It is hard to imagine nowadays, but for a few years during the last decade Creative Commons was relentlessly attacked by some content owners, copyright maximalists, and collective societies (see here and here for a couple of examples). I say that it is difficult to imagine these attacks because CC has become the de facto standard in open licensing for content, from Wikipedia to open access journals, the licences are prevalent in most projects that share creative works.
However, I have noticed a resurgence in criticism of Creative Commons. These are composed of a combination of old criticism, old myths, and sometimes new complains. I recently attended a meeting where some representatives from copyright owners expressed some of these criticisms. Chatham House Rules apply, so I have not named those making these arguments, but I will tackle one by one.
CC licences are irrevocable
This used to be one of the most common criticism of CC licences back in the day, and it is still repeated. Yes, it is true that CC licences are irrevocable, but there is a good reason for it, and that is licensee security. Think of a situation in which you are using a CC-licensed work in good faith, and then the author revokes the licence and decides to sue you. By making the licence irrevocable, licensees are assured that they will not suffer in case of author remorse.
However, it is true that content owners should think very hard about their works, and how they want them to be used and reused. CC should only be adopted after the licensor has thought well about it, and if there is any doubt then maybe CC is not for them. CC is not for everyone, it should be used with a clear decision to do so, knowing quite well which consequences the licence has.
CC licences are cascading
I used to hear another version of this statement by people complaining that they are viral, that once you release a work to the public using CC others will re-adopt it and use it, creating an infinite chain of re-use that devalues the original. This seems to ignore the way in which works are used in reality. There is research indicating that most CC-licensed work is not remixed, and that if it is, those remixes tend to stop at one generation. The myth of the fabled virality of content is just that, a myth.
You cannot make money from CC works
It is surprising just how common this myth remains. The idea is that if there is a free version of something online, nobody will pay for other versions, and while this may be the case in some instances, it is not universal by far. The fact that various authors release their commercial books under a CC licence (including Yours Truly), should finally put this story to rest. The Power of Open highlights case studies of people who use CC as a viable business model.
Creative Commons affects moral rights
This is a new complaint, and I am still trying to find out a case where a copyright holder’s moral rights have been adversely affected. On the contrary, the right of attribution is present in all of the licences. Moreover, the license specifically says that the right of integrity and other personality rights are is not licensed, but to the extend possible by law they are waived. This is of course not possible in most jurisdictions.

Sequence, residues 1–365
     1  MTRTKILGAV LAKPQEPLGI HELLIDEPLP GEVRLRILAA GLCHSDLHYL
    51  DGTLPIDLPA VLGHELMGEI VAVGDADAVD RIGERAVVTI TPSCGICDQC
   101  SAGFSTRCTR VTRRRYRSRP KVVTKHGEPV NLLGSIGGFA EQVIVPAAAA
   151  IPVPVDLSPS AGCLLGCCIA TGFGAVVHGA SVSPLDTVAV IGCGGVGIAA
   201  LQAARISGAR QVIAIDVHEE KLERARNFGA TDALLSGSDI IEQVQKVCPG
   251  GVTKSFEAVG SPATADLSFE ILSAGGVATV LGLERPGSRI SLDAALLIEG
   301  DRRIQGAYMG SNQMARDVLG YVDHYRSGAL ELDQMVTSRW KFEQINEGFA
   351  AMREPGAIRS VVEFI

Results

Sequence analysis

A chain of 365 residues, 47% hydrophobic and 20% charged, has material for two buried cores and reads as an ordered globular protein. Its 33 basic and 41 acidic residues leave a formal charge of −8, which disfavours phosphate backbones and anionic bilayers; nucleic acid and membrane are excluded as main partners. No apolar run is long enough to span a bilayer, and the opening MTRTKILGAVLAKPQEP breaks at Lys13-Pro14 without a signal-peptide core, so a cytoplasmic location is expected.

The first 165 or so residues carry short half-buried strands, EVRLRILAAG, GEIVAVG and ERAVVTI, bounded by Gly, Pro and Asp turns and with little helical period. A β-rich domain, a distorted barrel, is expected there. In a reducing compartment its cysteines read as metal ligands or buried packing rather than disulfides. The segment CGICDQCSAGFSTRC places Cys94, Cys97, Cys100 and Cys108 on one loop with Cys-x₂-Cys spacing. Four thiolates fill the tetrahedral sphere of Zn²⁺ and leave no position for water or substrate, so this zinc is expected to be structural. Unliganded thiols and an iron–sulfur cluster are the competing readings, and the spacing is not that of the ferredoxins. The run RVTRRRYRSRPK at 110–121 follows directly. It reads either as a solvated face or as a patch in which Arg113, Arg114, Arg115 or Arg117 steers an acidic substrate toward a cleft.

Vague definition of non commercial
There is a lengthy paper by Creative Commons precisely defining the non commercial element.
Creators are being forced to use CC licences
This is another new complaint, and it is the only one that I partially agree with. As part of the open access movement, many funding bodies have made it a requirement that in order to receive public money, the author has to licence any resulting works to the public (see this from the European Commission). The spirit of this requirement is one of fairness, if you are going to receive public funds, then the fruits of that funding should be made available to the public.
Some funding bodies have gone one step further, and make it a requirement that in order to get funding, the resulting work has to be published under a CC licence specifically (see the RCUK requirement for gold open access). While I agree with the spirit, making it a requirement to specifically use open access may prove to be detrimental in the long run, as it might create a hostile environment towards CC. I strongly believe that CC works better when people adopt it of their own volition, it is after all a bottom-up system. While I agree that it is the best licence to use in some circumstances, some people may have good reasons not to use it.
Creative Commons has been extremely successful since its creation, and we must welcome debate and input about things that can be improved. At some point CC was seen as anti-establishment, a direct attack on copyright from clueless academics and pirates. After the open access movement gained traction, an interesting transition occurred, CC became a part of the establishment. That has meant that a new wave of criticism tends to attack that it is being imposed on them, which has emboldened traditional critics to voice their concerns again. As evidenced above, these range from legitimate issues to a repetition of old myths. Those interested in continuing to propose CC as a valuable licensing tool must continue to make the case in its favour.